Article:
The address for this web page is:
On to the next lesson!


Trying to control the way a document looks with straight HTML markup can be frustrating. Style sheets provide a way for a web designer to specify a "style" for a web document—or for hundreds of related web documents—in an "easy" way. (Well… like many things… it's easy once you understand it…)

For example, view the source code for this document, and look at the  HEAD  section. You'll see style sheet information that makes all  H1  (Heading Level 1) items appear in purple, and all  H2  (Heading Level 2) items appear in green. Neat!

The "cascading" part refers to how presentation is determined when there are conflicting instructions:

Mom wants this… Dad wants this… daughter wants this… friend wants this…
… the instructions "cascade" (like a waterfall) from higher-level sheets to lower-level sheets…

This section provides an introduction to Cascading Style Sheets.



What are "Cascading Style Sheets"? Cascading Style Sheets (CSS) give web designers more control over how pages are displayed. They allow style information, such as font size, line and letter spacing, and color, to be applied to any web page or collection of web pages. Cascading style sheets are good news for HTML purists who believe that style should be separate from content and structure.

What does "cascading" mean? The term "cascading" derives from the fact that multiple style sheets can be applied to the same Web page; when there are conflicting instructions, there is a specific set of rules that determine which style specification "wins".

Who developed CSS? The World Wide Web Consortium (W3C) first published its recommendations for style sheets in 1996, and they were first implemented by Internet Explorer 3.0. The specification is still evolving and is not fully and evenly supported by current Web browsers.


  • Greater typography and page layout controls. With style sheets, you can specify (among other things) font size, line spacing, letter spacing, indents, margins, and element positioning.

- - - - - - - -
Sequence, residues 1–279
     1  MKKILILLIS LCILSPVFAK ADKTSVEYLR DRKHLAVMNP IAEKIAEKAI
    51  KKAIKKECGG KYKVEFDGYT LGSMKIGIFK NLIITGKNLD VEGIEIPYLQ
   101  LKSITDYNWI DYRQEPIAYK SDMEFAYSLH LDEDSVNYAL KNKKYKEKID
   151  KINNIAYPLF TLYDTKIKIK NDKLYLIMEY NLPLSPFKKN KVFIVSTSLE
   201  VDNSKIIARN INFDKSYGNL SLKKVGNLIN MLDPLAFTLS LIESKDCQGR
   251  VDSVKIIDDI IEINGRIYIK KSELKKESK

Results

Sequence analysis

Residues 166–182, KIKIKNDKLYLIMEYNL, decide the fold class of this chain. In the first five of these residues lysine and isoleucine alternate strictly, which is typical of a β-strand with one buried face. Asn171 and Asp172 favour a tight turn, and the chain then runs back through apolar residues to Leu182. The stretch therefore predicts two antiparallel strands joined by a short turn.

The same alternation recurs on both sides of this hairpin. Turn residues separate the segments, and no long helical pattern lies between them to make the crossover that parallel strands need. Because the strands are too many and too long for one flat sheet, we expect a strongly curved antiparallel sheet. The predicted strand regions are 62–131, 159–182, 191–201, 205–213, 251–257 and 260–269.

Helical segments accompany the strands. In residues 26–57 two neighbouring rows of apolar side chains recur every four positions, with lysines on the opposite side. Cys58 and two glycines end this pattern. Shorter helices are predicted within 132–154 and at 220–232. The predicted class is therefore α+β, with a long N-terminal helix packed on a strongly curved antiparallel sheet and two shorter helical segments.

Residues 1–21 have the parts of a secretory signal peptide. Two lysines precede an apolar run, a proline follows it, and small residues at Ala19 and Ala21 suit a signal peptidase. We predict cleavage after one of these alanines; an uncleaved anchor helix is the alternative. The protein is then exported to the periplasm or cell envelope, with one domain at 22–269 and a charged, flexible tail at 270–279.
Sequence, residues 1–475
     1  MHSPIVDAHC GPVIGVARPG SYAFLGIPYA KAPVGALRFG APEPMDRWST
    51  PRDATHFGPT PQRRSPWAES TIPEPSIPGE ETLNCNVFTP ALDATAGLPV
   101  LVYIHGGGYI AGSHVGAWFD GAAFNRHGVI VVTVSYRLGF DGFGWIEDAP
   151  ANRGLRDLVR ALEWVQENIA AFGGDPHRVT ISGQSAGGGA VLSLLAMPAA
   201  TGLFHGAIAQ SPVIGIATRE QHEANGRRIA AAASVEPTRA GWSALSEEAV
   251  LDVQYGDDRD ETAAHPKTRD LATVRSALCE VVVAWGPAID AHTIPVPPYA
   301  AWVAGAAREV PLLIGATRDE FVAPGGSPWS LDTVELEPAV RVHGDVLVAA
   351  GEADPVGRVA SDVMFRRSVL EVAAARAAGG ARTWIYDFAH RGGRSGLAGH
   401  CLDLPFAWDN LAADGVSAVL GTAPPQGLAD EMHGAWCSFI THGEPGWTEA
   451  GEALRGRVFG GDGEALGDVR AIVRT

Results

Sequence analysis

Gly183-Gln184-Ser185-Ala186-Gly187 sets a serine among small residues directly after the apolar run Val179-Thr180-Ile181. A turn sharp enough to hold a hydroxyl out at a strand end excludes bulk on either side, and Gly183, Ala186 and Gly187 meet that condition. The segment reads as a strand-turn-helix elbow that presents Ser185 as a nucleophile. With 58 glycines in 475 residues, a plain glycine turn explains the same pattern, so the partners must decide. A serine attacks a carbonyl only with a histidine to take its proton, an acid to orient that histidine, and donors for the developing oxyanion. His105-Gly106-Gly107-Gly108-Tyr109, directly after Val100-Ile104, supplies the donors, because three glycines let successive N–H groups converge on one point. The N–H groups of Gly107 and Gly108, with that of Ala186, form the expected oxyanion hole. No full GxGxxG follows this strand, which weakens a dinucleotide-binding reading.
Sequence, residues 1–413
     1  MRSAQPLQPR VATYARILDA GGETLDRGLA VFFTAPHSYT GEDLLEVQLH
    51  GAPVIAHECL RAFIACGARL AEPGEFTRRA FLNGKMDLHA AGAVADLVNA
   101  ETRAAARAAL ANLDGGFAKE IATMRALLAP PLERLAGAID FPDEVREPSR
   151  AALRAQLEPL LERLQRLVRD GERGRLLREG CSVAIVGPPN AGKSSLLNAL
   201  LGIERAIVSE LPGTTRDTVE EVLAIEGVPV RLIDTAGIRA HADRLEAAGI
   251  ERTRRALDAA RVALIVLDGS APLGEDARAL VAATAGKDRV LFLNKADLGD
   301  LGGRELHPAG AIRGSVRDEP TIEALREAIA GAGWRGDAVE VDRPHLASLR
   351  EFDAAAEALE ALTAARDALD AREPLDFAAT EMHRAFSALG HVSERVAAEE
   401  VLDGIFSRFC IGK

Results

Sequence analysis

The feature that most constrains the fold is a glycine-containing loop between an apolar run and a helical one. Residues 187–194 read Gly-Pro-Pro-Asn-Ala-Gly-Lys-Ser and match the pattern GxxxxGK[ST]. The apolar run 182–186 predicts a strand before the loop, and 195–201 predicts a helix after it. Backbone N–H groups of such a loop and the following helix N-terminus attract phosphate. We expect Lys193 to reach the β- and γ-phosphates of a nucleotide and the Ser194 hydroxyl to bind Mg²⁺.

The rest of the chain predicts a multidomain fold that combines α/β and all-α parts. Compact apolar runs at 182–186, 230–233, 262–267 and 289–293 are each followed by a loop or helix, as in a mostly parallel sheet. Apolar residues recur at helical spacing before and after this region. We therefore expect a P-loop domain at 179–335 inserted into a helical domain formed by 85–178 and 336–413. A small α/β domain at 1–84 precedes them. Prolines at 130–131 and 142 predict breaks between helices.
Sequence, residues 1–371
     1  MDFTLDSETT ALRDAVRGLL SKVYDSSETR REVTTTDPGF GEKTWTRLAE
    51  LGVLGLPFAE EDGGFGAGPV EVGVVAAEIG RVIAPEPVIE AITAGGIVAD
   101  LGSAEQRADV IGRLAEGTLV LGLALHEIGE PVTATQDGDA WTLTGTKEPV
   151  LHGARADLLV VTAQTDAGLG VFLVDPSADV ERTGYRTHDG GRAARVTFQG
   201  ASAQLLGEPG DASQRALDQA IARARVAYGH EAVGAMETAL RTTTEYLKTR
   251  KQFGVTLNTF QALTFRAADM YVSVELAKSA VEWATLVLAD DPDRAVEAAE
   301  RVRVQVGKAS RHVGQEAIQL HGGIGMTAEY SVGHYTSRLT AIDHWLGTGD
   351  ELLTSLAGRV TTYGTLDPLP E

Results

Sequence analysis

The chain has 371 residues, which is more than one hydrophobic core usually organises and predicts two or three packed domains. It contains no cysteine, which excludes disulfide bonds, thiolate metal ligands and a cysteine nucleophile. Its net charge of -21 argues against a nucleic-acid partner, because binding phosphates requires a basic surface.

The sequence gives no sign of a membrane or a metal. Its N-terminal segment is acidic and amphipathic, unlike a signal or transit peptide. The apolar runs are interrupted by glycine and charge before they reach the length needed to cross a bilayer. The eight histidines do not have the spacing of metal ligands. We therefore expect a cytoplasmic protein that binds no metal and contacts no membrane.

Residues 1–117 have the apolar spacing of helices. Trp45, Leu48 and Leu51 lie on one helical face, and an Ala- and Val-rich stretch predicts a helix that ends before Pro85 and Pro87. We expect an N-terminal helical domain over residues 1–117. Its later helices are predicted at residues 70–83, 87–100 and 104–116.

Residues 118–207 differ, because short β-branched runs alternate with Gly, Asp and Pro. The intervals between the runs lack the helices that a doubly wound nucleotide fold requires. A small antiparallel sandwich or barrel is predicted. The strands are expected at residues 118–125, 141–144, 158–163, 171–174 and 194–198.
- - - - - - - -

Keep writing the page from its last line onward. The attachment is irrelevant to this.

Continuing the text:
• Style is separate from structure. HTML purists say that code should indicate the structure of a document, not its presentation. However, tags (like the <font> tag) go against this goal. Style sheets, when done correctly, mark the return to the original intention of HTML by removing presentation instructions from HTML and placing them in a separate, optional area.
  • Potentially smaller documents. Placing style information once, at the beginning of a document, instead of at every single place where style information is to apply, can cut down dramatically on the number of characters in an HTML document. Fewer characters mean smaller file sizes, which means faster download times.
  • Easier site maintenance. It is possible to link multiple HTML pages to a single style sheet. You can make style changes to thousands of web pages by editing a single file.


  • Poor Browser Support. Style sheet information is not supported in browser versions earlier than Microsoft Internet Explorer 3.0 or Netscape Navigator 4.0. Moreover, there is inconsistency in CSS support in later versions. There is a 9-page appendix in the Weasel book (pages 518–526) that documents this blotchy support.

  • Here are some strategies for effectively using style sheets today:
  • Close your tags! Even though many browsers are forgiving when you leave off end tags (like </P> and </LI>), many emerging technologies, like CSS, will not work properly without closing tags. To prepare for these emerging technologies, develop good habits today, and CLOSE YOUR TAGS!
  • Create documents that "degrade gracefully":
  • First, create a style-sheet-free site that is acceptable to your entire audience. Then, add style sheet information. Thus, you can improve your site for current browsers, while keeping it functional for older ones.


There are three basic ways to add style information to an HTML document:
  • Inline styles: Style information can be put directly into an HTML tag, like this:
    <H1 STYLE="color: red">This Heading will be red.</H1>
    However, this defeats the purpose of keeping style information separate. Only use inline styles to occasionally override higher-level rules. (For example: "I really want red here, even though I usually want purple.")
  • Embedded style sheet: A block of style information can be embedded in the HEAD of an HTML document using the <STYLE> </STYLE> container tag. This is an efficient way to specify the style of a single document.
  • External style sheet: The most powerful way to use styles is to collect style information in a separate text document, and then "load this information" into a document when a specific style is desired. In this way, stylistic changes can be made to multiple documents (for example, to this entire web tutorial) by editing a single style document. Powerful stuff!

Printable version of Index Card 41a

Printable version of Index Card 41b

Printable version of Index Card 41c

Printable version of Index Card 41d

View the source code for this document, and look in the <HEAD> section. You'll see some style sheet code. You'll be cutting and pasting this code momentarily, to do your first style sheet exercise!


On to the next lesson!
© 2001 Carol J.V. Fisher    All Rights Reserved